Personal leave, as used in Section A, must be applied for through the office of the Superintendent, and the consideration of the reasons for the request for personal leave is at the discretion of the Superintendent.

The Petitioner argues that all of the schools on the array except Tekamah-Herman, provide that there is no administrative discretion as to the reasons for personal leave, thus, the provision requiring the superintendents approval in the Wayne agreement must be deleted.

Table 2 sets out the Petitioner's summary of the relevant portions of the array member's contracts. A thorough review of the contracts provided by the Petitioner indicates that in fact, most contracts contain language requiring administrative approval before personal leave can be taken. It appears that administrative approval implies administrative discretion as to whether or not to grant the leave. The Petitioner has failed to prove there is any distinction between the clause in Wayne's negotiated agreement and the prevalent practice of requiring administrative approval. Thus, the prevalent practice is to require administrative approval of personal leave and we will not order any change in the current practice at the Wayne School District.


The Petitioner further contends that certain language contained in the negotiated agreement pertaining to the index salary schedule must be deleted. The clause in dispute provides:

6. the Board of Education reserves the right to deviate from this schedule when the Board considers it in the best interests of the School - either in withholding increases in case of unsatisfactory work or in granting a larger increase in case of meritorious work.

Table 3 shows the Petitioner's comparison of the relevant provisions of the contracts of the array members.

The Petitioner argues that this clause is not only non-prevalent but is also objectionable in that it contradicts the automatic advancement inherent on an index salary schedule. Without determining the merits of the clause we find that the contracts of the array members do not contain any similar language restricting or accelerating advancement on the salary schedule. Such language is thus not prevalent and should be stricken from the terms and conditions of employment.



The Petitioner seeks to have the District include single dental insurance coverage in the health insurance paid for by the District. Table 4 sets out the relevant coverages provided by the districts in the array.

It is clearly the prevalent practice for single dental coverage to be included in the insurance package provided by the Districts. To the extent the Wayne School District does not provide such single dental coverage it is not comparable to the prevalent among the array chosen.

The Petitioner did not provide specific evidence of the cost of such dental coverage but did use the figure of $184.07 as the amount it determined the District should pay for dependent health including dental and $65.07 for single health including dental when computing total fringe benefits. The Respondent used the same figures when determining the total cost of the fringe benefit package at Wayne. It appears that the parties do not agree on the figure the District is currently paying towards dependent health coverage but do agree that the District is currently paying $65.07 per month per eligible employee for single health coverage.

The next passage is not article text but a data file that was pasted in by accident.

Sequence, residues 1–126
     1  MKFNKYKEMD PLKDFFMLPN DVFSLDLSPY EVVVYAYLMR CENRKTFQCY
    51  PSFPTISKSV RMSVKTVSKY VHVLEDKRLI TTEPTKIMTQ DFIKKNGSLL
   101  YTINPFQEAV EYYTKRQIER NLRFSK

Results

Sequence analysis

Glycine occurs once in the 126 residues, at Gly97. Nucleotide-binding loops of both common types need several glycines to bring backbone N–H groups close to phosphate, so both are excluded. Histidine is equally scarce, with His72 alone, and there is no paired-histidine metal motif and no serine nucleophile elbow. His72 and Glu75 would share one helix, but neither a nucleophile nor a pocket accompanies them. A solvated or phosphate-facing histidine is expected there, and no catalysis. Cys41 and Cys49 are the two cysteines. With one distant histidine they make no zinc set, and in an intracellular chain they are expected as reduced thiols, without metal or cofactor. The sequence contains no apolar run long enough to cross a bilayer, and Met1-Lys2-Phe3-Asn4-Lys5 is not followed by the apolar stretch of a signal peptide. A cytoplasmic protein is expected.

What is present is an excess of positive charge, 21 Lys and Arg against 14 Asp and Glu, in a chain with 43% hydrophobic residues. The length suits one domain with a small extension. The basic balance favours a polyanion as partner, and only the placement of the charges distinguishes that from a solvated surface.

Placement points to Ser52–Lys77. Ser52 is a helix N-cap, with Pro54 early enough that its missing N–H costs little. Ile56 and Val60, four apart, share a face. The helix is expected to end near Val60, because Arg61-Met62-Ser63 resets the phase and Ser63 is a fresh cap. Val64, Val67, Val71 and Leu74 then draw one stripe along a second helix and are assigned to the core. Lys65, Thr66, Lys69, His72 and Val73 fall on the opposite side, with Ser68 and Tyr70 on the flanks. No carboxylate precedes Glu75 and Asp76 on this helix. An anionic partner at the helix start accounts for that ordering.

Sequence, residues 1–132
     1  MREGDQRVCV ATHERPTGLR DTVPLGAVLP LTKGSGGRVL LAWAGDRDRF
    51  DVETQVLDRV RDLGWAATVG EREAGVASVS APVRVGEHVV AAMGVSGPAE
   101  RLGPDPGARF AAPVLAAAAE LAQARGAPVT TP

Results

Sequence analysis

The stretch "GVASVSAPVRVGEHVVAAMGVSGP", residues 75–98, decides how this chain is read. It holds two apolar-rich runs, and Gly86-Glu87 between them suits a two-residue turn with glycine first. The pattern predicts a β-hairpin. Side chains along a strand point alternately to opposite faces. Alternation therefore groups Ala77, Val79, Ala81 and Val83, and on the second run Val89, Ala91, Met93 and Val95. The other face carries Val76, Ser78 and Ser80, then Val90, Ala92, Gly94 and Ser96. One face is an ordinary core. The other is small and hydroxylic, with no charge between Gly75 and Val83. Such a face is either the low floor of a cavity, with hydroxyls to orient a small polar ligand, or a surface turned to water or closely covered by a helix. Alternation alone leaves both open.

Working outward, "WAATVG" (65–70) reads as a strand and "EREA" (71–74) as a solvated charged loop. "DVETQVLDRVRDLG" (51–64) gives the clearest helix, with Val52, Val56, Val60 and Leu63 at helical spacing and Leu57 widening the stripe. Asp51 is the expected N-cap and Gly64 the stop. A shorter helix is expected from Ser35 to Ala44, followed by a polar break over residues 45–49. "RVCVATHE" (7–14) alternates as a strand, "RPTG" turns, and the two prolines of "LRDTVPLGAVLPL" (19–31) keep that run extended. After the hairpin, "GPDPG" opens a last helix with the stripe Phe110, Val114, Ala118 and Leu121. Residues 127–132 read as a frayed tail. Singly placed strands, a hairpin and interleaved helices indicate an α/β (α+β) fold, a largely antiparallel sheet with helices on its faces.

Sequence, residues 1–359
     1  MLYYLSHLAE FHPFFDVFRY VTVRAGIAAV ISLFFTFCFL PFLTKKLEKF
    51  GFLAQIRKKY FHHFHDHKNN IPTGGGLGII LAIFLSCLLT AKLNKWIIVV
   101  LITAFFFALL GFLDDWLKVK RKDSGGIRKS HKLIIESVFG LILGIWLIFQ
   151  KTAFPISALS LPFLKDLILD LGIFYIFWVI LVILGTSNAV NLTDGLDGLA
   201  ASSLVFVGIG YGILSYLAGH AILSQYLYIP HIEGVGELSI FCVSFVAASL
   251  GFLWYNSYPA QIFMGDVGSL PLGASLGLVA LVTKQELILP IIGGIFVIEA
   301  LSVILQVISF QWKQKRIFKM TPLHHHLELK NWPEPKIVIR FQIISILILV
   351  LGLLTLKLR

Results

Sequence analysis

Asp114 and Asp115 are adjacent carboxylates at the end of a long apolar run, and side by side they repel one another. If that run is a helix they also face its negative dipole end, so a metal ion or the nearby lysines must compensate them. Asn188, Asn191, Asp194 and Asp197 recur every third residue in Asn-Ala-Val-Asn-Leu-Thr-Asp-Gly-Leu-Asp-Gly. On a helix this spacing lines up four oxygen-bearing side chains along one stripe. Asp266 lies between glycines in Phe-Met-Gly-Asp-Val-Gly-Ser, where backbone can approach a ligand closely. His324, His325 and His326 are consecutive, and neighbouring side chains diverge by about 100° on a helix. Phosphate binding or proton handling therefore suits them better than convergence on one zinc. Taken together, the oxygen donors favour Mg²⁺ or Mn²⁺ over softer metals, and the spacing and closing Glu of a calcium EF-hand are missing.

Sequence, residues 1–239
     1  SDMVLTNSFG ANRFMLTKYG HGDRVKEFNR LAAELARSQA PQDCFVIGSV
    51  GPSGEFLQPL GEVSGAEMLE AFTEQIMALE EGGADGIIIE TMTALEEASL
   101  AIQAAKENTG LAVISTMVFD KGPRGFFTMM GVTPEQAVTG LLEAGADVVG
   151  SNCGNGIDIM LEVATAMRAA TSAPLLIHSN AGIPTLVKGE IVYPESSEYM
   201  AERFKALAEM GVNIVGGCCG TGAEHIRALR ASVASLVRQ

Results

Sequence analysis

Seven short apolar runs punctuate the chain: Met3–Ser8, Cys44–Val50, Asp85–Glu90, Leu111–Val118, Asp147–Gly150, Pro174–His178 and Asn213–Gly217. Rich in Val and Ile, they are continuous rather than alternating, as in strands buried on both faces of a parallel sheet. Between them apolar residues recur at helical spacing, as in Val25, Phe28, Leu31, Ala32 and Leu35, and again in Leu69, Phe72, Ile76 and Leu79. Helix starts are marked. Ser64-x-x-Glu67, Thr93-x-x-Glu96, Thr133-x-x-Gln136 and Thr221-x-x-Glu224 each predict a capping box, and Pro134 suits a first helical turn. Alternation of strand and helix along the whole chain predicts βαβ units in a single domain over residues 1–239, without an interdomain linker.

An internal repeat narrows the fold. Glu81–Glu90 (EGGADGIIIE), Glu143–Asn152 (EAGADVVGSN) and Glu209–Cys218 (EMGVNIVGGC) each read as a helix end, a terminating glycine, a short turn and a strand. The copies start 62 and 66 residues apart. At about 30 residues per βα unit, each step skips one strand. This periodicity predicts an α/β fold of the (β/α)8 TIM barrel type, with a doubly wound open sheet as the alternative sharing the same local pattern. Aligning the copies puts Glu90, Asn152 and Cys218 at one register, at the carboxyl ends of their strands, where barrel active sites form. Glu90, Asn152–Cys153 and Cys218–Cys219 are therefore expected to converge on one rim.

In order to establish a health insurance package comparable to the prevalent the Wayne School District shall continue to provide both single and dependent health insurance but should add dental coverage. We will use the figures of $184.07 for dependent coverage including single dental and $65.07 for single coverage including dental based on both the Petitioner's and the Respondent's use of these figures in determining overall compensation.

To the extent the district has paid less than $184.07 for dependent health coverage including dental and $65.07 for single health coverage including dental for the portion of the year already past, the eligible employees should be reimbursed.


The Respondent seeks an adjustment in the allowable accumulation of sick leave. The parties differ as to the total number of sick leave days which may be accumulated in Wayne.

Table 5 sets out a comparison of sick leave provisions for each of the compared to schools.

In reviewing the evidence presented we find the accumulation of up to 45 days to be comparable to the prevalent among the districts in the array.


The sole remaining issue before the Commission is base salary. Table 6 sets out the overall compensation data on the Commission's array. The total staff index for the Wayne District is 91.282. Applying the statutory criteria of Section 48-818 we find that the base salary for the teachers at Wayne for the 1987-88 school contract year should be $14,904.00 (total compensation of $1,469,248.47 - total fringe benefits of $108,781.54 = $1,360,466.93 total salary).


1. That the base salary for the teachers of the Wayne School District shall be $14,904 for the 1987-88 school year.

2. That the clause in the negotiated agreement between the parties giving the school board the authority to restrict or accelerate vertical advancement on the index salary schedule be stricken.

3. That health and dental insurance coverage shall be provided at the rate of $184.07 per month for dependent coverage including single dental coverage and $65.07 per month for single coverage including dental, for eligible employees.

4. That the maximum accumulation of sick days shall be 45 days.

5. That all other terms and conditions of employment for the staff employed at the Wayne School District for the 1987-88 contract year shall be as previously established by agreement of the parties.

6. That the amounts due for the differences in salary and health insurance for the portion of the year already elapsed shall be made by payment of a single sum with a payroll check issued next following the final order entered herein.

All judges assigned to the panel in this case join in the entry of this Findings and Order.

Entered February 9, 1988.